Mental health, relationships and Jake Cuenca | Lifestyle.INQ

OCTOBER 27, 2022

Jake Cuenca and Sab Jose enact a tense scene from “Lungs” during the press conference.

“How were you able to shift from English to Filipino, from radio-TV to the theater, and from being a hunk-sex object to serious actor?”

The question was asked of actor Jake Cuenca at a recent press conference at Privato Hotel in Quezon City to announce “Sandbox Fest 2020,” the two-show festival of the Sandbox Collective and 9 Works Theatrical.After reflecting for a while, and as the laughter and giggles died down, Cuenca replied: “It is hard, it is very hard work but I would advise young aspiring actors to follow the same path.”

Cuenca is reprising his role as the man (with Sab Jose again as the woman) in the intense, two-actor play, “Lungs,” by acclaimed English playwright Duncan Macmillan, known for his edgy plays on provocative social issues. “Lungs” is directed again by Andrei Nikolai Pamintuan, with Caisa Borromeo as assistant director.

“I want audiences to see how intense, complicated and beautiful relationships can be,” said Pamintuan.

Jake Cuenca and Sab Jose enact a tense scene from “Lungs” during the press conference.

Both Cuenca and Jose have impressive credentials. He studied at the Lee Strasberg Theater and Film Institute in New York while she graduated with honors from the Guildford School of Acting in London with a master’s in musical theater.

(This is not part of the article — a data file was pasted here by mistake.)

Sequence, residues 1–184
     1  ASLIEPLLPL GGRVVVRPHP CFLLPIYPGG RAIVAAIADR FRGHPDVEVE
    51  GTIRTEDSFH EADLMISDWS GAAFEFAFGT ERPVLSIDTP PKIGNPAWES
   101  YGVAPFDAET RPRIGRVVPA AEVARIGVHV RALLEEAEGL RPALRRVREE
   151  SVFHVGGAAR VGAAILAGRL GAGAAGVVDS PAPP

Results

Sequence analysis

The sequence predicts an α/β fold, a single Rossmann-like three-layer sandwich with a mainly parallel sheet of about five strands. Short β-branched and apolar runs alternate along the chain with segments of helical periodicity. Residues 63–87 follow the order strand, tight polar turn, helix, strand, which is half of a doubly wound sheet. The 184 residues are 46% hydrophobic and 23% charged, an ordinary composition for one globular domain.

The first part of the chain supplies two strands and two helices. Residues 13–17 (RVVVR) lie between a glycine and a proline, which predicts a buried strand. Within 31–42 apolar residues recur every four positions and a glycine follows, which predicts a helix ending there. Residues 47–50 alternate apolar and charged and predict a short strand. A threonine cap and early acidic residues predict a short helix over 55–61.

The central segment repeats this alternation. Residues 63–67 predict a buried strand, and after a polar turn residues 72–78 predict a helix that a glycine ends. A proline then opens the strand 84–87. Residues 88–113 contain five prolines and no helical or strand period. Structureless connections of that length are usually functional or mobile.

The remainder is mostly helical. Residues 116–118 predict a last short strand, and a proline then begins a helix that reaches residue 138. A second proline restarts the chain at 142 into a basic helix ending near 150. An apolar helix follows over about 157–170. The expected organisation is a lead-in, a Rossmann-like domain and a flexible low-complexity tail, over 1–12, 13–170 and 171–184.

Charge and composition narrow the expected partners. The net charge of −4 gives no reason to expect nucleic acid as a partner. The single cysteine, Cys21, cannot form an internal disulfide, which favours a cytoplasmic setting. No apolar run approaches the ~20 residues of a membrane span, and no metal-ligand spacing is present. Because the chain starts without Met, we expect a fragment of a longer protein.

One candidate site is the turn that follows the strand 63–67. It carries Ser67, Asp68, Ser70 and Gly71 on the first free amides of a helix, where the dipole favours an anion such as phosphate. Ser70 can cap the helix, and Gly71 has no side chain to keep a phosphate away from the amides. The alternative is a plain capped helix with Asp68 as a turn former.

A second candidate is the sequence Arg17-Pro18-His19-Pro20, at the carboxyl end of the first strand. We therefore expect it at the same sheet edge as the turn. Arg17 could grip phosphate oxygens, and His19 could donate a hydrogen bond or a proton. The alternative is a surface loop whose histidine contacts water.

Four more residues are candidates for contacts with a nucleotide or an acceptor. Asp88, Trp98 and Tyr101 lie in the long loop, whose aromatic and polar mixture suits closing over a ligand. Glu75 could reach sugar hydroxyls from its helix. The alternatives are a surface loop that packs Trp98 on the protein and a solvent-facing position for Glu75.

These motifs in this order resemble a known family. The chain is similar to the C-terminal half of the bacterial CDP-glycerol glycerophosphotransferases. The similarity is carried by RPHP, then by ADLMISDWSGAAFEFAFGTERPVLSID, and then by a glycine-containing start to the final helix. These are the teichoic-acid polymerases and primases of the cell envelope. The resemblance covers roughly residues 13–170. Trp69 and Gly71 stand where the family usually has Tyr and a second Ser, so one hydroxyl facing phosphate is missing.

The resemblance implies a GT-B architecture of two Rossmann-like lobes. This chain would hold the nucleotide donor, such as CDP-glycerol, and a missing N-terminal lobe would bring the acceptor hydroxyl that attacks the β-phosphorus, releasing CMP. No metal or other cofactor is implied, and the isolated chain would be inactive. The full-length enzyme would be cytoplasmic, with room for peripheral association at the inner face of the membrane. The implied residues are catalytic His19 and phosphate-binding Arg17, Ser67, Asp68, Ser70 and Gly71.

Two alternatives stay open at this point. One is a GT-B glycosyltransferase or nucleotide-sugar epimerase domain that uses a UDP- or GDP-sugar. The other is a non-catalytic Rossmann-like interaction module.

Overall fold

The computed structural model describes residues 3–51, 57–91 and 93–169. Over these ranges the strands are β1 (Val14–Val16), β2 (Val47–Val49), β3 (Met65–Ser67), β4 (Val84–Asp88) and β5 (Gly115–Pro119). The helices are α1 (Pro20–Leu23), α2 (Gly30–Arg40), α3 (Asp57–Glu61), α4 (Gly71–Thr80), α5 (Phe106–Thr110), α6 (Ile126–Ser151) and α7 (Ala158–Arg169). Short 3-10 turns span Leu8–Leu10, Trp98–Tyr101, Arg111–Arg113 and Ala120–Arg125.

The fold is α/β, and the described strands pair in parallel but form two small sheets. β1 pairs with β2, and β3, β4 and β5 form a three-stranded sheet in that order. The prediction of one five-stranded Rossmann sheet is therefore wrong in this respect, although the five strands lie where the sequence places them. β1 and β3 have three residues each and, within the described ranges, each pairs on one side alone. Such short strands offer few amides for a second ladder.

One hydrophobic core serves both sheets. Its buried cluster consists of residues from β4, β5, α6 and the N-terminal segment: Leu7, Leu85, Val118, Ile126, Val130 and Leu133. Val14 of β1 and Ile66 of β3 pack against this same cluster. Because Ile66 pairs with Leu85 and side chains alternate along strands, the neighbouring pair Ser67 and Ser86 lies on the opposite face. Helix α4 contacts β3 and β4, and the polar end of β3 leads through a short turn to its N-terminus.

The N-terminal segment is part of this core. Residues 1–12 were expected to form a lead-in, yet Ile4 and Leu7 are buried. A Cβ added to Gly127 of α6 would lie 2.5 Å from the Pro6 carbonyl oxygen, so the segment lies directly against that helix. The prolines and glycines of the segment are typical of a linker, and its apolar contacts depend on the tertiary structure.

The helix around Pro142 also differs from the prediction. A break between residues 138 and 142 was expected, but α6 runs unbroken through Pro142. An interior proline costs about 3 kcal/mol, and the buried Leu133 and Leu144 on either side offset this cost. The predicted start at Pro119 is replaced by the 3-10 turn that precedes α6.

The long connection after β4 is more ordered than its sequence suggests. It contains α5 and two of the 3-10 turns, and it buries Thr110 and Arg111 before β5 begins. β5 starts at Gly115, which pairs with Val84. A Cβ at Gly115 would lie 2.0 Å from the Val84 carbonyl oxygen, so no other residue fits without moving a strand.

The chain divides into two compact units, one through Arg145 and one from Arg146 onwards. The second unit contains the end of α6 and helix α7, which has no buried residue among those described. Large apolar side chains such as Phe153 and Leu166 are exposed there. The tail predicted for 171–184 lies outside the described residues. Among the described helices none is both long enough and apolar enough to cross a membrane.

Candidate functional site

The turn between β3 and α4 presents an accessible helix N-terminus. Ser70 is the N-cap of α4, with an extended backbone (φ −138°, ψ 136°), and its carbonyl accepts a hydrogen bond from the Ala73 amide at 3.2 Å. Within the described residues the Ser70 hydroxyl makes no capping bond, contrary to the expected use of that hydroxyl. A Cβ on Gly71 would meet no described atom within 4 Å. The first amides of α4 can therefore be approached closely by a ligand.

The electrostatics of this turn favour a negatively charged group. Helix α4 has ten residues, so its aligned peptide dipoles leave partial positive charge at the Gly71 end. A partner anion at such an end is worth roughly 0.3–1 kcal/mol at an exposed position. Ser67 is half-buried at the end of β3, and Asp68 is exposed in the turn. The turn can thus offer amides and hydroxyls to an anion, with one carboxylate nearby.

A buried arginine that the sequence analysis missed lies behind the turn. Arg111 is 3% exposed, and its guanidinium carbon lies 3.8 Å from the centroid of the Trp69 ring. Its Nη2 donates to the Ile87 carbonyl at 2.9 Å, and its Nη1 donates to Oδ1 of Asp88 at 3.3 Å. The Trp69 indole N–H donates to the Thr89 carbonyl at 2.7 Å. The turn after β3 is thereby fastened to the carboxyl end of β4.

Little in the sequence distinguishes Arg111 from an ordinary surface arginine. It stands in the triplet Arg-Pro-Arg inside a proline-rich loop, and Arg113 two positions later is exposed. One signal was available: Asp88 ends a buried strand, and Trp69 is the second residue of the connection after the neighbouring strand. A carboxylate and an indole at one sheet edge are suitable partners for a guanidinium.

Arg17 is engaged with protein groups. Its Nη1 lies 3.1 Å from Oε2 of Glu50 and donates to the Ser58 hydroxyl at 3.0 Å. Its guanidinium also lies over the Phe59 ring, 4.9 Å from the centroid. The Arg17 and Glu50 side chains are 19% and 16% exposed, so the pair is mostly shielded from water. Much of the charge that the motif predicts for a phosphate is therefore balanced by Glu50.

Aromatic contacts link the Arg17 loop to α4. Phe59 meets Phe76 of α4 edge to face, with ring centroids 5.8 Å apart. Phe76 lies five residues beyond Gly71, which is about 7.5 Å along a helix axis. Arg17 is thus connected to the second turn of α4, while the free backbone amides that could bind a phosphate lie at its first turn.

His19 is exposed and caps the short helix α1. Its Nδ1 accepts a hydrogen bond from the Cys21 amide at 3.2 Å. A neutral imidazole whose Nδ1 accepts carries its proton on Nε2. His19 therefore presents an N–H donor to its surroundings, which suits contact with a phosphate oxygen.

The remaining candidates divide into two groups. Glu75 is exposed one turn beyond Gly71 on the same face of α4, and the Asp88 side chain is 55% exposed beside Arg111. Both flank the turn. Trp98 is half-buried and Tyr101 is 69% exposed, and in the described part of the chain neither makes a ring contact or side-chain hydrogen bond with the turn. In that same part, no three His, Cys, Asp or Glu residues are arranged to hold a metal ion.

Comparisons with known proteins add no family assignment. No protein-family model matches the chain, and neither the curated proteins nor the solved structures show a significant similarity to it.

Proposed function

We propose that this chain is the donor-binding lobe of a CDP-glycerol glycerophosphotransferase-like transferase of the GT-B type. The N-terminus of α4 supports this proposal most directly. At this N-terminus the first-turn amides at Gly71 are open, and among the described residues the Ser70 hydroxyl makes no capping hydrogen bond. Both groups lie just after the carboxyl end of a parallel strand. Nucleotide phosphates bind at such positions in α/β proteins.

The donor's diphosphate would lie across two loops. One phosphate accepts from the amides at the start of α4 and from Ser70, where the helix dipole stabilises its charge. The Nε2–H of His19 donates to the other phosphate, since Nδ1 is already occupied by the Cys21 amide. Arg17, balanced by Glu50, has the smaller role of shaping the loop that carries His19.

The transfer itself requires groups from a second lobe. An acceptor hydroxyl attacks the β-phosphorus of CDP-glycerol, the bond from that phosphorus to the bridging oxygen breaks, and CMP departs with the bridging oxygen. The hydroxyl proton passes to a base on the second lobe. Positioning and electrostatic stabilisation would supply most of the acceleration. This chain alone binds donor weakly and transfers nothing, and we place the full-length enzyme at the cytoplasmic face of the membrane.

In the actor- and dialogue-driven play, the two characters face the audience, seated, for 190 minutes as they argue about family, change, hope, betrayal and pain, and the possibility of having children “with everything going on around us.”

A child’s view

Also to be restaged, and on the same evening this time, is Macmillan’s play about mental health, “Every Brilliant Thing,” directed again by Jenny Jamora. It stars Teresa Herrera alternating with Kakki Teodoro.

The play is supposed to be from the point of view of a 6-year-old child whose mother is in the hospital because, according to her father, she has “done something stupid.” The child is unhappy and so she makes a list of everything that’s brilliant for her, like ice cream, kung fu movies and “burning things.” Soon the list takes a life of its own. The format is audience interaction so in this spirit Herrera, during the press launch, chose media persons one by one and began to dialogue with them.

In the Philippine production, the point of view is first from a 9-year-old child and then a grown woman.

“As the show allows the audience to shape their particular evening’s (or matinee’s) show via audience participation, so every member of the audience is called to be part of our nation’s mental health conversation,” said Jamora.

Appraising the two productions, Sandbox Collective managing artistic director Toff de Venecia observed: “With ‘Every Brilliant Thing’ we were happy to have done our share in shedding light on the subject of mental health that continues to grip the country today. Now with natural disasters occurring left and right, and significant doubt materializing in the age of anxiety, perhaps ‘Lungs’ has gained a horrific new timeliness as well.” —CONTRIBUTED

“Sandbox Fest 2020” will run March 6-29 at the Zobel de Ayala Recital Hall, Maybank Performing Arts Theater, Bonifacio Global City, Taguig. Tel. 0956-2004909, 0917-5545560.

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